Arab Feminist Manifesto

A day in the life of a woman

Many people challenge the idea that Arab feminism exists.

As though we, Arab females, have no concern or enlightenment about misogyny.

No concern over our bodies. Our safety. Our minds.

It’s true, our feminist movement has been gradually silenced as the fight against colonialism, fundamentalism and occupation rise in our home countries and have only intensified since independence. For those of us in diaspora, we are reconstructing our identities in exile and trying to emerge despite the daily invisibility that assimilation imposes.

In war and revolt, we are placed in the impossible position of putting our survival before our needs.

We are forced to put our nationalism before our needs.

To put our families before our needs.

Our country before our needs and safety.

The everyday misogyny, assault and repression we face — simply because we are female — must be viewed in jest, as innocent fun, or the natural interest of men. Whether or not we feel safe, we start to find ways to avoid encountering it. Our comfort, reputation and safety falls in our hands.

We ask our 9 year old male cousin to take us to the store.

We wear baggier clothing to gain the respect of strangers (enough to walk down the street) and we wear sunglasses to avoid their gaze.

We find ways, or we’ve always known the ways — it is nothing new and our responsibilities to modesty is second nature.

Our needs are inferior to the “greater good”.

We sacrifice our children to fight against invasions and occupations. In order to survive, we must accept whatever social and economic conditions that are dealt to us. This struggle between “our needs” and the “greater good” is in a perpetual state of struggle.

But, the “greater good” always wins. Do we want to fight against our own men, or the invaders and occupiers of our country?

This is my experience. Maybe I am alone. But I feel I am not alone, because many Arab feminist activists shared this very same narrative during the revolutions in Egypt, Libya and Syria that began in 2011.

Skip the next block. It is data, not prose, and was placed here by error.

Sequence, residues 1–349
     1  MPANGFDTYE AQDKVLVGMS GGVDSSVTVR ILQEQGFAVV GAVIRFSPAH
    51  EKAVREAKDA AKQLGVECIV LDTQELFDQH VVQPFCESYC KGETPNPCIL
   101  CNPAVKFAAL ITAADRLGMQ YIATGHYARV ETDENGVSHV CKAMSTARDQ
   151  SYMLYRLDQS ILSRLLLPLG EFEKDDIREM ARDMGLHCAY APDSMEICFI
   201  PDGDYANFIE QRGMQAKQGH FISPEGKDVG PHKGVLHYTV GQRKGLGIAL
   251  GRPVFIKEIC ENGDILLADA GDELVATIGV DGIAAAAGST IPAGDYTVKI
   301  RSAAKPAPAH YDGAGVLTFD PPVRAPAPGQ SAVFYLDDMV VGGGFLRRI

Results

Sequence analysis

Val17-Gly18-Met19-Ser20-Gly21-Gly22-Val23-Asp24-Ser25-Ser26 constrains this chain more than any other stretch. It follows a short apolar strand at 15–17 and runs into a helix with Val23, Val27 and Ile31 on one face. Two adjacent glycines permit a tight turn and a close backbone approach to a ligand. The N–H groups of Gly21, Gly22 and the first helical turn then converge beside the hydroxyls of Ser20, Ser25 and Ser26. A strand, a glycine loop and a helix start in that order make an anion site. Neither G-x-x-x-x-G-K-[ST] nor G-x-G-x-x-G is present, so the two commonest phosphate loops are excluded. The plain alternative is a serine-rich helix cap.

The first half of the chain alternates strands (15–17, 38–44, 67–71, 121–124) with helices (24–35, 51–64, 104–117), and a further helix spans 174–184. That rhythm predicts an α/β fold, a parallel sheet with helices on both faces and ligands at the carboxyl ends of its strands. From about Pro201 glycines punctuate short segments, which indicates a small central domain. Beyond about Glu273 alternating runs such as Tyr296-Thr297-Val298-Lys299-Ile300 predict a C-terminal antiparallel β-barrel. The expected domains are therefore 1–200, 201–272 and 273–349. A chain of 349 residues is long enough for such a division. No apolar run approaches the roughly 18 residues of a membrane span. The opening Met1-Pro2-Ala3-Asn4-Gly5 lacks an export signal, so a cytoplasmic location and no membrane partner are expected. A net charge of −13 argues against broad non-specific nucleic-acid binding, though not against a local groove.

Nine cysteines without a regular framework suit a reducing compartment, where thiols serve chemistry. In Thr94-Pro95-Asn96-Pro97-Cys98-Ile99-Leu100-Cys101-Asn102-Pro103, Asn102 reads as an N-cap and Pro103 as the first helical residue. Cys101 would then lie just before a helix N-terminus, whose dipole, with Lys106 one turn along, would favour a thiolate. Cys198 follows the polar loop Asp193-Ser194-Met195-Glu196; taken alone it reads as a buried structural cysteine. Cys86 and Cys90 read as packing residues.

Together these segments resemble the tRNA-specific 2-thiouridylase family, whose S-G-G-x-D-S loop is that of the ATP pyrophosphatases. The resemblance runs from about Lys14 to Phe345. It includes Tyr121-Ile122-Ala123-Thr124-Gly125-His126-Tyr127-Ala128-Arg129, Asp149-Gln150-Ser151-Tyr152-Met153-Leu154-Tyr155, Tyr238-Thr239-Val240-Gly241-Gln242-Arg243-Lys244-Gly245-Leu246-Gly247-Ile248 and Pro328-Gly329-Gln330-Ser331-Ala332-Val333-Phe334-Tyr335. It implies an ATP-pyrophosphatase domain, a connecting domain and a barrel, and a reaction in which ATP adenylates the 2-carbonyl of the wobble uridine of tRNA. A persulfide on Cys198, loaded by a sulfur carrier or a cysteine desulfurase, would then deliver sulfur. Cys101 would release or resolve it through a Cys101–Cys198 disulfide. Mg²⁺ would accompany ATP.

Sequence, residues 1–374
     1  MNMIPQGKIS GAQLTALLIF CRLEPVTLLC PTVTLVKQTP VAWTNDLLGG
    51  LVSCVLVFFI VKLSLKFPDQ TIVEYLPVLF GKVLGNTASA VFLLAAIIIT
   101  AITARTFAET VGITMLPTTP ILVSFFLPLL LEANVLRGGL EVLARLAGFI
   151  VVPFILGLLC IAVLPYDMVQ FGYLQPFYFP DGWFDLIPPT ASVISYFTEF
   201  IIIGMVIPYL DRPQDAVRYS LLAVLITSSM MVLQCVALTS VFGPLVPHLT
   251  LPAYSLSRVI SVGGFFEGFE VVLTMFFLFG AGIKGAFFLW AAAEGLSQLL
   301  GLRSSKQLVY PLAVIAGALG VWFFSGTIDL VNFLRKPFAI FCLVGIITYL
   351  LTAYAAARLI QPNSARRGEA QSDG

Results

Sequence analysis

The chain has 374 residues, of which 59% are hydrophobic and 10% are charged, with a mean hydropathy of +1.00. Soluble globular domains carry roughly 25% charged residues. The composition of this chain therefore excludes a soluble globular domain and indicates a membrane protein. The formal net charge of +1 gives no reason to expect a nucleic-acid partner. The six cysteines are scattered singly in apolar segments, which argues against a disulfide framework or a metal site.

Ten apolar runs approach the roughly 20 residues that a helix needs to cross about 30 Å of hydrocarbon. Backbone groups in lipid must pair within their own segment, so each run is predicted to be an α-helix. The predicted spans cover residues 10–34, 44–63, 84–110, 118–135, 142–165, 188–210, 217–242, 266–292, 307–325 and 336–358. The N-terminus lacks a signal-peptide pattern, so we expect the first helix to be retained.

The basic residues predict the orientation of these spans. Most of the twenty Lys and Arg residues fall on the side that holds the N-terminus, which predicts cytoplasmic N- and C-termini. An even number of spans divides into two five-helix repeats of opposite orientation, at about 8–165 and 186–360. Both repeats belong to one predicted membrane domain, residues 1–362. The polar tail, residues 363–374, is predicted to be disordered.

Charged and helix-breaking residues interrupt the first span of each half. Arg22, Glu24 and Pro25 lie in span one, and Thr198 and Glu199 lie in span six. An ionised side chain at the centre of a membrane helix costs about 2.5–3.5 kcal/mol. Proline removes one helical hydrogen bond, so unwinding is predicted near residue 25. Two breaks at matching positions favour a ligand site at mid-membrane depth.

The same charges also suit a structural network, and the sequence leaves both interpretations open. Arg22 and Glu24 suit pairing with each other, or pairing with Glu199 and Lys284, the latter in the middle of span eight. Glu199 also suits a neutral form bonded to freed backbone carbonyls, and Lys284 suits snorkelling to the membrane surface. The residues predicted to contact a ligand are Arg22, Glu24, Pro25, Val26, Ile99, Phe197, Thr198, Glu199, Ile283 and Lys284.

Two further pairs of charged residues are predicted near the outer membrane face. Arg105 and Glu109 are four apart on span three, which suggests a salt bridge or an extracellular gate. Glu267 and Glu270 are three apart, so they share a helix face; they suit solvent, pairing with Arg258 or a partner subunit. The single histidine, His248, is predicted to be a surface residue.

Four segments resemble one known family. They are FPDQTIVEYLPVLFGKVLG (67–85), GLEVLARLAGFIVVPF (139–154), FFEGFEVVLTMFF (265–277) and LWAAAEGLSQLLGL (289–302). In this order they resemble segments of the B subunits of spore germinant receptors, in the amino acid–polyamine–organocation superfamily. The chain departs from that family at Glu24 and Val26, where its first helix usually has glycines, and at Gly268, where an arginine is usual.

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My answer to those people that say the Arab feminist movement does not or never has existed — they are wrong. History has documented the Arab feminist movement for over a century.

In 1881, the first “women’s educational society” was founded in Egypt dedicated to raising public awareness about women’s rights, and issues relating to their inferior status. Women’s associations reached a degree of maturity in the Arab world around the 1940’s, with a primary focus on defending women’s rights.

Women’s associations were present in nearly every Arab country come the 1940’s.

Egypt gave rise to the Egyptian Women’s Party in 1942 and the Daughters of the Nile association in 1948. In Tunis, the Union of Tunisian Women emerged in 1944, while in Morocco the Union of Moroccan Women was founded in 1944, the Association of the Sisters of Purity in 1946, and the Association of Moroccan Women in 1947. In Lebanon, the Lebanese Women’s Council came into being in 1943, the Association of Lebanese Women in 1947, and the Committee of Lebanese Women’s Rights in 1947. Iraq witnessed the establishment of the Iraqi Women’s Union in 1945, while in Jordan the Society of the Jordanian Women’s Union was founded. (1)

Despite the lack of documentation of our feminist movement, since the early 1900’s our assemblies, associations and education has empowered us to seek the resources available for our self-emancipation. Colonization, occupation and invasion has taught us how to struggle, liberate and survive before embarking on the struggle for our freedom within Arab societies. We have a remarkable history that has created a foundation for our movement.

Writing was an instrument of organizing for Arab women in the 19th and 20th centuries — and still is today. Writers like Hana Kurani, Zaynab Fawaz, Hind Nawful and Huda Sha’rawi may have had their books burned, their political opinions censored to only ‘feminine domains’ and their work lost over the years — but they are still alive in my writing. 

In my work.

In our work.

It is in our hands to enable change, but first, we must start with liberating our minds.

 

 

1. The Arab Human Development Report 2005, United Nations Human Development Program. New York, New York: 2006.

2. Al Raida Quarterly  Journal, Volume XX, No. 100 Winter 2003. Institute for Women’s Studies in the Arab World, Lebanese American University in Beirut, Lebanon.

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